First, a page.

How much louder is 110db vs. 90db?

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Imp

Lifer
Feb 8, 2000
18,829
184
106
No. The military is researching how to make the battlefield quieter. There are other things to think about aside from long term hearing damage at that moment in time though.

I think they were experimenting with $600/set earplugs for use during combat or any activity. It supposedly filtered out booms/bangs but still let voices or "useful" noise through.

Last I heard, they didn't work and are being scrapped.
 

stormkroe

Golden Member
May 28, 2011
1,550
97
91
I've seen those. Its very touching. I have what I would consider super hearing. at 40 i can still hear 17khz sine waves.
I haven't had a test in a loooong time. I can still here the whine of a tube TV being on (around 16-17k I believe), when I was a teenager I could here 18k+ from a piezo on an oscilloscope. I know what you're talking about when you mention very particular hearing, it's what separates people who are good at their job from wal-mart style job when installing public address and setting up sound equipment for studio.
I'm sure that by now I can still here at least 7.5k ;(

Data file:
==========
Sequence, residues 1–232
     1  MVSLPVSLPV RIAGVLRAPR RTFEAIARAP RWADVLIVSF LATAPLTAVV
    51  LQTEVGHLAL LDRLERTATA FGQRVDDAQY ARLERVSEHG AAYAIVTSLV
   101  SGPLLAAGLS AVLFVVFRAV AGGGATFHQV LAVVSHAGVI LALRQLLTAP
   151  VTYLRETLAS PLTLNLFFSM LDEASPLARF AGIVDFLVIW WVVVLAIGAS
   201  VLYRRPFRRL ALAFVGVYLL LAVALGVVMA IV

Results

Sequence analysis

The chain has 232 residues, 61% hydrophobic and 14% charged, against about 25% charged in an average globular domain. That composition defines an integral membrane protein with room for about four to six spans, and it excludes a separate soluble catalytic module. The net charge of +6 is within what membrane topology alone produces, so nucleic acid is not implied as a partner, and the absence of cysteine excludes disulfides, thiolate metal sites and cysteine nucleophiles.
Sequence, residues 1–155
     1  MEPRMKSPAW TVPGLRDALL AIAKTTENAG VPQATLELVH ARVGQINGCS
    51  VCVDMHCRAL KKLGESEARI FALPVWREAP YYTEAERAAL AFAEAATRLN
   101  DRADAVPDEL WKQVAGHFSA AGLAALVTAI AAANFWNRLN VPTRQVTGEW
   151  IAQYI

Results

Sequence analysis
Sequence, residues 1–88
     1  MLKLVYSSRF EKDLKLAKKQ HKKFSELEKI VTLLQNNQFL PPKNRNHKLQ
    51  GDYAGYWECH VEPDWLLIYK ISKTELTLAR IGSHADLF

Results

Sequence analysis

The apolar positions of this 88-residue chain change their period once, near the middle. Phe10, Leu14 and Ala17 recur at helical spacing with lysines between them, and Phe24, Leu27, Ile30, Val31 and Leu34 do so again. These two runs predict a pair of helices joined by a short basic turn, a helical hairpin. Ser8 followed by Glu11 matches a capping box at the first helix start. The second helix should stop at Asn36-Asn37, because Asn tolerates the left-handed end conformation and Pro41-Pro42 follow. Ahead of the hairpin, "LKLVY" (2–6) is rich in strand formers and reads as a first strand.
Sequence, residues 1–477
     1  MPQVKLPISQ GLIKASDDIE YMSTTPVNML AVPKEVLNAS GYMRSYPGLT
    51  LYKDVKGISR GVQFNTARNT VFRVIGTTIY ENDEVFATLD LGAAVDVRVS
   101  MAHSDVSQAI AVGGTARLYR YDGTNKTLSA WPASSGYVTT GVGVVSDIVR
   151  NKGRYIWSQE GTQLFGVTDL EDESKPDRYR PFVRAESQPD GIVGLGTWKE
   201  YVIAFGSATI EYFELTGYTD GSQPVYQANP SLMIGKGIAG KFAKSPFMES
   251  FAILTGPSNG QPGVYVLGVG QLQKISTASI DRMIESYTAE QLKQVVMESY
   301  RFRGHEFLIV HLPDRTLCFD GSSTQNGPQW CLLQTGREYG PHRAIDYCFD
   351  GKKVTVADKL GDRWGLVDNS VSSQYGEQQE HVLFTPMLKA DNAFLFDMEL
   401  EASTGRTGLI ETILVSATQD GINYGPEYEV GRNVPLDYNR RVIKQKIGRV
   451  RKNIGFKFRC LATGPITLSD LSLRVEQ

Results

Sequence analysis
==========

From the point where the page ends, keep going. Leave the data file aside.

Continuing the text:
SKORPI0

Lifer
Jan 18, 2000
18,390
2,302
136
512px-Animal_hearing_frequency_range.svg.png

https://en.wikipedia.org/wiki/Hearing_range

Hearing range
describes the range of frequencies that can be heard by humans or other animals, though it can also refer to the range of levels. The human range is commonly given as 20 to 20,000 Hz,
though there is considerable variation between individuals,especially at high frequencies, and a gradual loss of sensitivity to higher frequencies with age is considered normal.
 

Eug

Lifer
Mar 11, 2000
23,561
982
126
I haven't had a test in a loooong time. I can still here the whine of a tube TV being on (around 16-17k I believe), when I was a teenager I could here 18k+ from a piezo on an oscilloscope. I know what you're talking about when you mention very particular hearing, it's what separates people who are good at their job from wal-mart style job when installing public address and setting up sound equipment for studio.
I'm sure that by now I can still here at least 7.5k ;(
I could hear the whine of a tube TV even when my hearing wasn't great. Dunno about now, since I haven't encountered a tube TV in a while, but I had my hearing measured several years ago when I definitely could hear that whine, and was told my hearing was in the normal range but while it was decent enough in one ear, it was just mediocre in the other. It seems that "normal range" includes mediocre hearing.

Google tells me the whine is at 15625 Hz.

BTW, I bought a high frequency sound emitter for the garden to ward off the deer eating our flowers. It doesn't work, except to give me a headache when I'm near it.
 

JSt0rm

Lifer
Sep 5, 2000
27,399
3,947
126
I think they were experimenting with $600/set earplugs for use during combat or any activity. It supposedly filtered out booms/bangs but still let voices or "useful" noise through.

Last I heard, they didn't work and are being scrapped.

I could of told them that wasn't going to work lol. Low end sound energy will travel through your body. Ear plugs won't fix that.